Overwhelming Wild Thistle

Berkheya erysithales, Overwhelming Wild Thistle;

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Staying on the theme of Wild Thistles, this is my favourite. My gardening endeavours tend to verge on the unconventional most of the time as I like to garden with, and for the other creatures that occupy this planet with us. This does not always endear me to my clients but that is life. I was paid the ultimate compliment recently by a client who had called the planting I had done for them “underwhelming”. Six months later, when the plants began to come into their own, they were at last happy. In these days of instant gratification, it is tricky to get plants to grow faster, although climate change is doing that now, with plants really growing vigorously right into April and May.

This plant does the job and it will overwhelm you in a short space of time. Give it ample space and keep it away from your bare legs or else you will have blood on the path. It is well-armed with sharpish spines that don’t embed themselves in your flesh - they just make a painful but neat little pin prick! I use these plants at the back of beds and along boundary walls. The spiny leaves will slow up the four-footed predators (giving the “tiny ten” a few seconds to make their escape) and will certainly discourage any two-footed ones.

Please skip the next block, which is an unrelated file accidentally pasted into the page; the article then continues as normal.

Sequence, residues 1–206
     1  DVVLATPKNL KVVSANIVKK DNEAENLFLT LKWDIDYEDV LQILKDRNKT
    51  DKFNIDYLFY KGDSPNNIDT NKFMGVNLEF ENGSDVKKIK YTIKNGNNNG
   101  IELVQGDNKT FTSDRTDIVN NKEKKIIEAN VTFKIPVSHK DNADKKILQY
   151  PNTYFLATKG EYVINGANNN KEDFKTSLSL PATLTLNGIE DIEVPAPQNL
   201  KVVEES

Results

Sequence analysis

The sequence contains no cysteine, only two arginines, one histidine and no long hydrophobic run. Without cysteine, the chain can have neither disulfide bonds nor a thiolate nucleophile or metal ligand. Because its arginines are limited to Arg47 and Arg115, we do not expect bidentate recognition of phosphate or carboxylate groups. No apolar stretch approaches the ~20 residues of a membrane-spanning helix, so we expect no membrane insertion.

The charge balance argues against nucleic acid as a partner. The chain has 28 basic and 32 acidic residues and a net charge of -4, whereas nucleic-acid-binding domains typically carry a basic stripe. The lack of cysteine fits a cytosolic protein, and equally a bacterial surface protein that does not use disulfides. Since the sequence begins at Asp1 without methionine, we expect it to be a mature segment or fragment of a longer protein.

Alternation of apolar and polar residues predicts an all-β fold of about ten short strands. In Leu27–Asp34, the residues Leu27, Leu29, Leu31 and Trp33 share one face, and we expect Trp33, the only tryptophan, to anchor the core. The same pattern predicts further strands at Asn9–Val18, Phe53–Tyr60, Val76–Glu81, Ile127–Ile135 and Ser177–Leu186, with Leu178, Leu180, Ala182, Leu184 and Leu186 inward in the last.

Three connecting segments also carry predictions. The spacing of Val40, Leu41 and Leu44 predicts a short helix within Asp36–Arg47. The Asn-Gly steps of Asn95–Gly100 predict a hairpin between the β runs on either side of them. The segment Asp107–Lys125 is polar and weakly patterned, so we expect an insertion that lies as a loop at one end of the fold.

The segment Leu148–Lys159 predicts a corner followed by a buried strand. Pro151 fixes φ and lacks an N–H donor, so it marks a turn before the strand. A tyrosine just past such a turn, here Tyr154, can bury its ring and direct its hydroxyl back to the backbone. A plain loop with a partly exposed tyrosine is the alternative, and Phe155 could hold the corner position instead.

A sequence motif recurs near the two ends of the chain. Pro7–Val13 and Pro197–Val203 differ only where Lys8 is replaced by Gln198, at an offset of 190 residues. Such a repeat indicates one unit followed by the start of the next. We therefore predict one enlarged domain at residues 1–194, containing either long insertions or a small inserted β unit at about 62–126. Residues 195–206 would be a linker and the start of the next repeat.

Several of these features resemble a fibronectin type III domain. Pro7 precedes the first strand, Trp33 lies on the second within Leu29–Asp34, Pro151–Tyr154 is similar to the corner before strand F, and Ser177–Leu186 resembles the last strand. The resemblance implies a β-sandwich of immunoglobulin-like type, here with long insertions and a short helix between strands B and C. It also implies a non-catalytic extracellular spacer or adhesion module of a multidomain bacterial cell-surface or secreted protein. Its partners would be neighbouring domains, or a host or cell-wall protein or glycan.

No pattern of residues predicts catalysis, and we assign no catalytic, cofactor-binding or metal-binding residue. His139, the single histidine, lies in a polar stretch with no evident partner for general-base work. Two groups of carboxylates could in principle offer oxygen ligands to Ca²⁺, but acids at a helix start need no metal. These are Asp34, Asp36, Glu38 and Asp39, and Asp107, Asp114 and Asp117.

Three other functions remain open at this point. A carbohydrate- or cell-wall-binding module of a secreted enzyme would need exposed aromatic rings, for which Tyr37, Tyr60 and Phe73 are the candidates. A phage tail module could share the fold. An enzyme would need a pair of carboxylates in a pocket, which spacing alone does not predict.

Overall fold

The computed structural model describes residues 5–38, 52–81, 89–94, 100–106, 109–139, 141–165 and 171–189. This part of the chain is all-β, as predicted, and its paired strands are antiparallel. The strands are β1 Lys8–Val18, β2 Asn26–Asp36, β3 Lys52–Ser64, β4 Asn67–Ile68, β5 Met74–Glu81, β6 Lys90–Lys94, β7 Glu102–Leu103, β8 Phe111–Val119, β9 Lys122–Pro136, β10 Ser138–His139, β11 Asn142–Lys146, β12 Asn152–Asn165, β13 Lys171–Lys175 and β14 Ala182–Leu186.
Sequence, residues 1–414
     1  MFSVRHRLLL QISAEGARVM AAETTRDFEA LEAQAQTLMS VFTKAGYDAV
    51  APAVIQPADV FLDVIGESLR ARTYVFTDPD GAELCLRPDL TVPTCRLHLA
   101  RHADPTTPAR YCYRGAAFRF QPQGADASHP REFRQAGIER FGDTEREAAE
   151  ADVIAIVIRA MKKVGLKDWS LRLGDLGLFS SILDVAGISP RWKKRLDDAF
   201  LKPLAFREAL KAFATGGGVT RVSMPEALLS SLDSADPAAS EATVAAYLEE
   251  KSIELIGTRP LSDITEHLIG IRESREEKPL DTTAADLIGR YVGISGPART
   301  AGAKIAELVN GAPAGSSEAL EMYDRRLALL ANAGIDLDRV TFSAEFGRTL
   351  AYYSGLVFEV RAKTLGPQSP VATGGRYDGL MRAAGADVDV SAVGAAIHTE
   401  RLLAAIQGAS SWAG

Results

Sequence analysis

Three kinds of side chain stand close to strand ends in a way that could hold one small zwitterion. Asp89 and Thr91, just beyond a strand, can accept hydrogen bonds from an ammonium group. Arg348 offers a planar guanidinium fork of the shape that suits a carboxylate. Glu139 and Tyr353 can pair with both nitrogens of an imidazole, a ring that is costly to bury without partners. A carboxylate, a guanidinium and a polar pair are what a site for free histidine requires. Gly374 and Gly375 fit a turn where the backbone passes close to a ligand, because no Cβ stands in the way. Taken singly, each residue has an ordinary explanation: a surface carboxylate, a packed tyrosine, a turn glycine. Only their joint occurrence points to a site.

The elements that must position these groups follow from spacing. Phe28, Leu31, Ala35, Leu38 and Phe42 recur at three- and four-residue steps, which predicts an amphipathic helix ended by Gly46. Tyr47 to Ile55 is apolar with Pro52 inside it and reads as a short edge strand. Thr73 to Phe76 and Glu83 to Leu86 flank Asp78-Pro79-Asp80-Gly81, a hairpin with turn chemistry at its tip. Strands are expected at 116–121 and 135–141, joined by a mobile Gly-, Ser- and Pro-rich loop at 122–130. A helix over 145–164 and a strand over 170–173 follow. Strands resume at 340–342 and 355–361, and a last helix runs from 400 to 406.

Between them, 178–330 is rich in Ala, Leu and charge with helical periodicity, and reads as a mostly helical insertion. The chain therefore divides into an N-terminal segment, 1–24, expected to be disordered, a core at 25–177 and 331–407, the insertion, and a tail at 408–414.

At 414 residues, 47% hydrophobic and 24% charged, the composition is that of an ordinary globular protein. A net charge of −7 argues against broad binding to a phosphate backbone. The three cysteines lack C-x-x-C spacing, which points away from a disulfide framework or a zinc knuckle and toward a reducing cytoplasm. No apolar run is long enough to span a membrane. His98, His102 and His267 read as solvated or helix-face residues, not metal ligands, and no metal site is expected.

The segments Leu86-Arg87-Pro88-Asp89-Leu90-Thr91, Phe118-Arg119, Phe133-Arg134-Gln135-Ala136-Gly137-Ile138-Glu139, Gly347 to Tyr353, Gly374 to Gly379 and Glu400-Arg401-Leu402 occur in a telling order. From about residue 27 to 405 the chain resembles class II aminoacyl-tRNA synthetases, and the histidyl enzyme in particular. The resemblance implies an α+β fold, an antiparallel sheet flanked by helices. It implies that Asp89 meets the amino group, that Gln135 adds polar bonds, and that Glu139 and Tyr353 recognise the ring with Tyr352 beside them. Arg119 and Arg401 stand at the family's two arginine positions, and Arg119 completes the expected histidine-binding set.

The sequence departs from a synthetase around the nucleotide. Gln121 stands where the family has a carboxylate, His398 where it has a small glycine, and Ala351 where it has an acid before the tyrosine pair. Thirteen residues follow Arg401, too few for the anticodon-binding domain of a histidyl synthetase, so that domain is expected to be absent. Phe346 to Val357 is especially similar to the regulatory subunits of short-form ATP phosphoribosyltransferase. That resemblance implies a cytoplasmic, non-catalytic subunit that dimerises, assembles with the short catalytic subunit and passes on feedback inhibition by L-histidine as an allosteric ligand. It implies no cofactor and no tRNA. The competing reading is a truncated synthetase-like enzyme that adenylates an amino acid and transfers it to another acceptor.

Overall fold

The overwhelming wild thistle will grow in shade and sunlight and everything in between. It grows up into the Midlands but is happiest at the coast and escarpment. The plant will get up to about 1.5 metres tall and spread to about the same diameter. The heads of multiple yellow flowers - about 30mm in diameter - are spectacular and bring in many insects for the nectar and pollen
The seed set is good and the little angular, dark brown seeds get encased by the flower bracts. The best way of picking these seeds is using a pair of scissors to cut each stem and allow gravity to place the dead flower into a basket. The plant is a perennial in that it will flower in the second season after sowing. Once the seed is set, these plants tend to flop over, so pull them out, scatter the new seeds and wait for the next generation to germinate.

 

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